ALERT: This week’s FREE Friday Noon Musicale at the First Unitarian Society of Madison, 900 University Bay Drive, features violinist Paran Amirinazari in music by Johann Sebastian Bach, Wolfgang Amadeus Mozart, Johannes Brahms, Camille Saint-Saens and Dmitri Shostakovich. Amirinazari, a graduate of the UW-Madison, is a member of the Willy Street Chamber Players. The concert runs from 12:15 to 1 p.m.
By Jacob Stockinger
The Edgewood College Chamber Orchestra will perform a concert of music by Domenico Cimarosa, Ludwig van Beethoven and Gioachino Rossini this Sunday afternoon, Feb. 26, at 2:30 p.m. in the St. Joseph Chapel, 1000 Edgewood College Drive.
Admission is $5, and free with an Edgewood College ID.
The program features the rarely performed Concerto for Oboe by the 18th-century Italian composer Domenico Cimarosa. Oboist Malia Huntsman will be the soloist. The orchestra will perform under the baton of its music director, Edgewood College professor Blake Walter (below).
You can sample the Oboe Concerto by Cimarosa in the YouTube video at the bottom.
The program opens with music by Rossini and also features Beethoven’s Symphony No. 1, one of the early symphonic masterpieces of the German composer.
Originally from Los Angeles, Malia Huntsman (below) has been playing oboe since the age of 14. She holds an undergraduate degree in Oboe Performance from the Oberlin Conservatory of Music, and a Master of Arts degree in Oboe Performance from Rice University.
Founded in 1993 via an endowment established by benefactors William O. Hart and the late Edgewood College music professor Vernon Sell, the Edgewood Chamber Orchestra provides performances and unique educational opportunities. The ensemble is the permanent, in-house chamber orchestra at Edgewood College.
ALERT: The week’s FREE Friday Noon Musicale at the Frank Lloyd Wright-designed Meeting House of the First Unitarian Society of Madison, 900 University Bay Drive, features pianist Bill Lutes in a solo recital. The program includes the “Papillons” (Butterflies) by Robert Schumann and the final Sonata in B-Fat Major, D. 960, by Franz Schubert. The program runs from 12:15 to 1 p.m.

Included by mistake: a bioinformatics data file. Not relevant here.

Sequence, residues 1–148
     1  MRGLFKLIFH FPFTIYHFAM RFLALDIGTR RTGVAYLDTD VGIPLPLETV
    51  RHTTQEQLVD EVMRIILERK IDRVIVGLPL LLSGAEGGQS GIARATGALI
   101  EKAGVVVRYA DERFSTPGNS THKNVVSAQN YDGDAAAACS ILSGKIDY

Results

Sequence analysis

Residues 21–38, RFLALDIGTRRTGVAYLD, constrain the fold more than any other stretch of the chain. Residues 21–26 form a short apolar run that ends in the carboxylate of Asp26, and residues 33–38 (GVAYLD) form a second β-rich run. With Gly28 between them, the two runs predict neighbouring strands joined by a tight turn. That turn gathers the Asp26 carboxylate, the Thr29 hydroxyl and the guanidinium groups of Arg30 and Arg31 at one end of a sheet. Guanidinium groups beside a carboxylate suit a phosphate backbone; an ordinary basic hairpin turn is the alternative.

For more information about Bill Lutes and his series of recitals, go to:
By Jacob Stockinger
This weekend, the Madison Choral Project (below top), Madison’s professional choir under the direction of Albert Pinnsoneault (below bottom), a former Edgewood College professor who now teaches at Northwestern University, will present two performances of its fourth annual Holiday-themed program “I Was Glad.”
The performances are on Friday, Dec. 16, at 7:30 p.m. and Saturday Dec. 17, at 3 p.m. Both performances will be held at First Congregational United Church of Christ, 1609 University Avenue, near Camp Randall Stadium in Madison.
Tickets are available in advance at www.themcp.org, or at the door.
(Preferred Seating is $40, General Admission is $24/$28 and Students are $10)
The concerts feature a carefully curated selection of vocal music and readings, with the intent to lead the listener along a sublime journey of music and text.
Madison Choral Project is will partner again with Wisconsin Public Radio’s news editor Noah Ovshinsky (below), who will perform readings from works of Tim O’Brien, Billy Collins, William Wordsworth and others.
The Madison Choral Project will sing an eclectic mix of holiday-themed music in four sets, ranging from the 17th century to brand new compositions.
The program features two exciting world premieres by Eric Barnum (below top), the choral director at UW-Oshkosh, and MCP’s Composer in Residence, Jasper Alice Kaye (below bottom).
The first set of pieces, “Welcome to the Holy Space,” includes A Child’s Prayer by James MacMillan, Sanctus from Mass in G by Francis Poulenc and Our Father by Alexandre Gretchaninoff.
The second set, “Winter Comforts,” features two new commissions written for Madison Choral Project. Winter by Eric William Barnum will be followed by The Invitation by Jasper Alice Kaye. Lux Aurumque by Eric Whitacre will finish the set.